His efforts – which saw him stealing masses of company data from businesses around the globe – were an attempt to impress friends in an online hacking forum. To be fair, the fact that Europol was investigating his activities before he’s even legally allowed to have a drink should reward him with a reasonable amount of respect among his peers.

Security experts have long prescribed to the idea that good security comes from “Defense in Depth”.  This principal describes ways in which layers of protection or security controls are placed on top of each other to provide different levels of protection for sensitive information.  Unfortunately, most experts would agree that the weakest link in the information security chain is ‘people’.  One of the vectors of attacking this ‘human layer’ of security is through Social Engineering.

Social Engineering is defined as “any act that influences a person to take an action that may or may not be against their best interest” (source “The Definitive Guide to Complying with the HIPAA/HITECH Privacy and Security Rules”, CRC Press, 2012).  We see Social Engineering in multiple areas of our daily lives such as through advertisements, marketing, parenting, teaching, mentoring, etc.  In most cases, attempting to influence behavior in a positive way is a good thing; however, when this influence is done in a negative manner or with malicious intent, it can lead to a compromise or other devastating consequences.

IT and information security is a business enabler, said Peter Wenham, a committee member of the BCS Security Forum strategic panel and director of information assurance consultancy Trusted Management. However this seems not to be a generally held view, but why would this be so?

For Peter, the information security professional in a company is not getting this message across to those that matter, partly because those individuals are not seen as professionals in the way accountants or lawyers are; and partly because those in the infosec role are not able to effectively communicate with the board and senior management. This line of thinking leads to infosec being treated as a secondary issue and not staffed as a full-time function or even defined as a unique role. It would help a great deal if infosec were covered in management training in the first place.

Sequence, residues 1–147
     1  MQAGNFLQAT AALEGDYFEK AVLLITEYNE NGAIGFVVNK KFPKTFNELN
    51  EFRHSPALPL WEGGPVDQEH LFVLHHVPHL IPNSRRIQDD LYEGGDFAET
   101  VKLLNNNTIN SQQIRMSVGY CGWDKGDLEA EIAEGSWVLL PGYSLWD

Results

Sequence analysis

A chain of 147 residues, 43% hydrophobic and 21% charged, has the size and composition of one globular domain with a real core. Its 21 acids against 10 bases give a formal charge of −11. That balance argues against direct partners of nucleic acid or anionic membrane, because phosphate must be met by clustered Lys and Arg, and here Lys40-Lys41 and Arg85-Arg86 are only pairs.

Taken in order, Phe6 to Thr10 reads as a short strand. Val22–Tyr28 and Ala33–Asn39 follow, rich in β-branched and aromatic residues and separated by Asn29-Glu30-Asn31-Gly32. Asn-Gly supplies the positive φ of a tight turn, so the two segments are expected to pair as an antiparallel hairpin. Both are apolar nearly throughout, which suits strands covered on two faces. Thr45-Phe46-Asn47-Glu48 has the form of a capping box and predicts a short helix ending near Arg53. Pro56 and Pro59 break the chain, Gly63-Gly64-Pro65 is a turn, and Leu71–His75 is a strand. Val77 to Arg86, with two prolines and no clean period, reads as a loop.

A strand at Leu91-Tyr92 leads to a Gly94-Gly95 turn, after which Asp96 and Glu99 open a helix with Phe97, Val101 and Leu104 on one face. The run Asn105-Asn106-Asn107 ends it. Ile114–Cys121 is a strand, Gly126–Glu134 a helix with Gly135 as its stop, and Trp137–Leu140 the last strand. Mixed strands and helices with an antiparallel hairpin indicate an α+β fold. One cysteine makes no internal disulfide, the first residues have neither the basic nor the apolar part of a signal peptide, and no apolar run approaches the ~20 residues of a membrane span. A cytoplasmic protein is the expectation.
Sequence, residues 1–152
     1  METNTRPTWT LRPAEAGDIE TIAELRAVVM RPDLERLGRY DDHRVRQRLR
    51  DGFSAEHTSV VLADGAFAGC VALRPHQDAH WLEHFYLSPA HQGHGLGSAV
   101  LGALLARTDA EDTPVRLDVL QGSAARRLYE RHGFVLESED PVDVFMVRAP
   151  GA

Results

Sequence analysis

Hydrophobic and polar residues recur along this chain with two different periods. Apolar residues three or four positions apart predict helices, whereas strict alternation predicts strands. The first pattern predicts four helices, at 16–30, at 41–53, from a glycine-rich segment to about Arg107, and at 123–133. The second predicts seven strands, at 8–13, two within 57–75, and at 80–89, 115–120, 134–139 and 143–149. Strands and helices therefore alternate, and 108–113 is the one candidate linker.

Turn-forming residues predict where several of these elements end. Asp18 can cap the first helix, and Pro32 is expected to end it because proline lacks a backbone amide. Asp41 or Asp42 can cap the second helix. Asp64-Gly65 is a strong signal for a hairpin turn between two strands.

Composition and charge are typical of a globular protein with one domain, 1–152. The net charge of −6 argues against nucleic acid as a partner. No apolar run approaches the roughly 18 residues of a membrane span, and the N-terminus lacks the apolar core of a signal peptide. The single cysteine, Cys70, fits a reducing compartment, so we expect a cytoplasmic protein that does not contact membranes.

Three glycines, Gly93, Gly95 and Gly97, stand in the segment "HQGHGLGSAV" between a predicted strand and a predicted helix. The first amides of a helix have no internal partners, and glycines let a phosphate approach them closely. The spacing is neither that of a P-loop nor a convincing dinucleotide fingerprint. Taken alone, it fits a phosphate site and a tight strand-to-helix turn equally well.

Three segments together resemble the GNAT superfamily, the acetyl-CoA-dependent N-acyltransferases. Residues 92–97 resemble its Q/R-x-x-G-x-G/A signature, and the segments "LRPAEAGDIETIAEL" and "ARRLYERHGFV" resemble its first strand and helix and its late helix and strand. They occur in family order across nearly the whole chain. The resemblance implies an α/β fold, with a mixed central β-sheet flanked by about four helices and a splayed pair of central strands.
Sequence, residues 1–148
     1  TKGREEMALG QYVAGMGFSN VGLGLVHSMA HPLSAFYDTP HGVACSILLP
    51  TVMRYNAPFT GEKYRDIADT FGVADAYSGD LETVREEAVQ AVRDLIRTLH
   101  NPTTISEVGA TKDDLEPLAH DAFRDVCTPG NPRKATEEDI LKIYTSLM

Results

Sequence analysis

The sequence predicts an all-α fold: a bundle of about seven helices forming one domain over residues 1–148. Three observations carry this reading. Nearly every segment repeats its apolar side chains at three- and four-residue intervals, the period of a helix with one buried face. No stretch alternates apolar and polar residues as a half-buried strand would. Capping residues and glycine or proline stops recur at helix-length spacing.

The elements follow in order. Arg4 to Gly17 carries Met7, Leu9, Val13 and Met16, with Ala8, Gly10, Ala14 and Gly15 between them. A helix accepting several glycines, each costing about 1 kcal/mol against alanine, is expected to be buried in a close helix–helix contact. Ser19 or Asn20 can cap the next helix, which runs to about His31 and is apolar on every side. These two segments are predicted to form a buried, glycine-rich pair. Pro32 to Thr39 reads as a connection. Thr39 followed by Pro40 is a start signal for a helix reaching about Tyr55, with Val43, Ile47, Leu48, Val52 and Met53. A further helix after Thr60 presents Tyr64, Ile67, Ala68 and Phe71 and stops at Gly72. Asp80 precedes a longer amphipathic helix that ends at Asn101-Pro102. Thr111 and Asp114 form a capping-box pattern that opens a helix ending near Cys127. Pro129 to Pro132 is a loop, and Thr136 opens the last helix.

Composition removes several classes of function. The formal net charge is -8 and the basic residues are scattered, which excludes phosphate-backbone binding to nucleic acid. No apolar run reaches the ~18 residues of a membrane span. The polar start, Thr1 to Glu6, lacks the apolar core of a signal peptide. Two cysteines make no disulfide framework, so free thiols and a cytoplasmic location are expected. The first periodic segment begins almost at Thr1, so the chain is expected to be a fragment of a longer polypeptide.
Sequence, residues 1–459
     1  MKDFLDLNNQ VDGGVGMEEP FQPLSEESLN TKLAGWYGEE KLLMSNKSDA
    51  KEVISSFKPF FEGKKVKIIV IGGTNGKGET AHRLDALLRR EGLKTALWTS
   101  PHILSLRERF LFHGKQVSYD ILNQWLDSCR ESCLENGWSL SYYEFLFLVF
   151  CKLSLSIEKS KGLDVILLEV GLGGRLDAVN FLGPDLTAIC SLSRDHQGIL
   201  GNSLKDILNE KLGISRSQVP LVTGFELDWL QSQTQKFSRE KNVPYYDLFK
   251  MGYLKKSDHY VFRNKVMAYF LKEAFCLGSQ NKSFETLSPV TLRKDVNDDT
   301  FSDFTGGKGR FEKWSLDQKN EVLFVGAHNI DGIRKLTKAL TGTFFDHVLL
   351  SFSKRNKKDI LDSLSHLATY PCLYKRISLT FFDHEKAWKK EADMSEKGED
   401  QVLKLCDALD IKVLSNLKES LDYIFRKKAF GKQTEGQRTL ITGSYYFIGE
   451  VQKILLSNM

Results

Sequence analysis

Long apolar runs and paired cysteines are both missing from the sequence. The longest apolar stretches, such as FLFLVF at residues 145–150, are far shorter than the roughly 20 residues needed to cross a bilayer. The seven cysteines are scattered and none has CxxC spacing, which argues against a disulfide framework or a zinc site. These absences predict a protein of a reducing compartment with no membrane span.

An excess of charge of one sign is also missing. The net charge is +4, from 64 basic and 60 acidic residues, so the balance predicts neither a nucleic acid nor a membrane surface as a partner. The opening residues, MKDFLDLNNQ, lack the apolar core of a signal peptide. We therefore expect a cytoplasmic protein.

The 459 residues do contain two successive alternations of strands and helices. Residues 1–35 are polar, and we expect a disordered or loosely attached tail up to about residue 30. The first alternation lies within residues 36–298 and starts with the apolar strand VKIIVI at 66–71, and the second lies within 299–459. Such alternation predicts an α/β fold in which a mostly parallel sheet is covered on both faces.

Information security has never been so important, with cybercrime, industrial espionage and denial of service attacks, not to mention employees losing laptops containing customer details and intellectual property. However, there is an in-built tension between the corporation and its employees.

IT managers should always be careful to ensure that the technology they provide to their users is efficient, effective, robust and secure. These are all important attributes that take time to evaluate, implement and test. As a result, the evolution of corporate computing and mobility has necessarily been slow.

The problem is that computers and mobile devices have evolved more rapidly, increasing in functionality and ease-of-use, and coming down in cost. Workers bought them for their own use, realised how much more productive they were than the office devices and demanded to use them for work.

It’s been fashionable in military circles to talk about cyberspace as a “fifth domain” for warfare, along with land, space, air and sea. But there’s a sixth and arguably more important warfighting domain emerging: the human brain.

This new battlespace is not just about influencing hearts and minds with people seeking information. It’s about involuntarily penetrating, shaping, and coercing the mind in the ultimate realization of Clausewitz’s definition of war: compelling an adversary to submit to one’s will. And the most powerful tool in this war is brain-computer interface (BCI) technologies, which connect the human brain to devices.

Outside the body, recent experiments have proven that the brain can control and maneuver quadcopter drones and metal exoskeletons. How long before we harness the power of mind-controlled weaponized drones – or use BCIs to enhance the power, efficiency, and sheer lethality of our soldiers?